China’s rising levels of corporate debt are in the headlines again with the nation’s banking regulator reportedly introducing to lower debt levels.
Reports in Reuters said Friday (Jan. 26) that the China Banking Regulatory Commission (CBRC) described the nation’s current corporate debt and shadow banking climate as “grim and complicated” in a report outlining top priorities for the year ahead.
Those goals include tackling corporate debt, addressing issues of financial holding groups and confronting problems in the shadow banking sector.
“Regulators must keep clear heads and cannot be blindly optimistic,” the regulator stated in its report.
The CBRC specifically wants to limit the credit available to companies that already have the most debt on their books, and to shutter those institutions it considers to be high-risk. Reports said these efforts may lead to restructuring of some corporate giants.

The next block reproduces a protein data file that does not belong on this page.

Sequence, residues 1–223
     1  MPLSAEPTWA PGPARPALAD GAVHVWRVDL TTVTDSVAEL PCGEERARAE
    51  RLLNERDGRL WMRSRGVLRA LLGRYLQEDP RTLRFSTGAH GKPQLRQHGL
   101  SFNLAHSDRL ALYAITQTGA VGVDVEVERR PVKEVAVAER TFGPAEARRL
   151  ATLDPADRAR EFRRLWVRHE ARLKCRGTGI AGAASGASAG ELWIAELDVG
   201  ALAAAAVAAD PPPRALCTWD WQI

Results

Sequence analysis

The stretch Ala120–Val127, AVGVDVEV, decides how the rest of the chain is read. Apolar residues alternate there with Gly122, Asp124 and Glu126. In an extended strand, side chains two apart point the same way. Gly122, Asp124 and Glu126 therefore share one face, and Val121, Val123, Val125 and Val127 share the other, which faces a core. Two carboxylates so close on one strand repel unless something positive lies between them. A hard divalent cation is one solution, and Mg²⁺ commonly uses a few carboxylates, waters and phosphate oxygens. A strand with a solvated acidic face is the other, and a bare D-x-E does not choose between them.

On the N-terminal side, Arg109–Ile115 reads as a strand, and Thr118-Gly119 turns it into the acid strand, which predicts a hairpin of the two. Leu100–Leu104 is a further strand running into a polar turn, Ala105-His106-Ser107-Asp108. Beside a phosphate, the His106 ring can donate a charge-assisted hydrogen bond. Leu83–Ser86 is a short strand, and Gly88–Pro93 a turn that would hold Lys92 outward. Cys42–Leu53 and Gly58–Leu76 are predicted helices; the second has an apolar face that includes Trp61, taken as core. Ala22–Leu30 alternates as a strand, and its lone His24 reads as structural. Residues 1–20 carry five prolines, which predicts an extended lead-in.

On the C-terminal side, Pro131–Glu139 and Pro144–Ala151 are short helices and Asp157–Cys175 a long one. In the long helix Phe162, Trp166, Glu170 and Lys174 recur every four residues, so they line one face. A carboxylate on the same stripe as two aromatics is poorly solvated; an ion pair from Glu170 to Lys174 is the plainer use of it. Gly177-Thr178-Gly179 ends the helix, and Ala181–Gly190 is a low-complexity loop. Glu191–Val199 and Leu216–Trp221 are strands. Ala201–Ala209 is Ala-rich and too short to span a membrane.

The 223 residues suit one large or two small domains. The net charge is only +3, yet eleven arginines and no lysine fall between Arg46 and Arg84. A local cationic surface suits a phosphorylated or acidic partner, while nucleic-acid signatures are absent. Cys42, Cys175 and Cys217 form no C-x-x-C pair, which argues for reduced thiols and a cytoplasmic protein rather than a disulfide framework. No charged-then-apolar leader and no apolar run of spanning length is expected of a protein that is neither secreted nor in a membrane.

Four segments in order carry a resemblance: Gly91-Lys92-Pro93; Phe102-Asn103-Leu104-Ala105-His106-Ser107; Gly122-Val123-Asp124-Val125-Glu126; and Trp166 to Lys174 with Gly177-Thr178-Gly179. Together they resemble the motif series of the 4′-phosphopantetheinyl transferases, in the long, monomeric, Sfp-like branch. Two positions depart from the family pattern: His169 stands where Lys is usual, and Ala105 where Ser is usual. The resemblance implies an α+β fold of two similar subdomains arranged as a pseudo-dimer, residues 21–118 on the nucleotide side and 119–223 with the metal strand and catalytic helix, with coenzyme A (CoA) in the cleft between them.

China’s corporate debt levels, and rising levels of bad corporate debt, have captured headlines in recent years. In 2016 the International Monetary Fund (IMF) raised red flags over the matter, and soon after Bloomberg reported 17 corporate loan defaults for the year through June 30, 2016. That’s nearly three times the number of defaults in China’s bond market the year prior.
According to reports at the time, corporate debt levels hit higher than 150 percent of the nation’s gross domestic product (GDP).
“One scenario is the state could take from the prosperous — coastal regions or high-tech, for example — and give to the struggling,” Bloomberg said at the time. “Another is the government could simply cover debt.”
The CBRC also highlighted the priority to curb shadow banking, another issue that authorities have tried to address in the past. Last year, the Industrial and Commercial Bank of China’s chairman Yi Huiman spoke with reporters at The New York Times to call attention to the nation’s shadow banking sector.
“We have to focus,” Huiman said. “If not, the real economy will suffer.”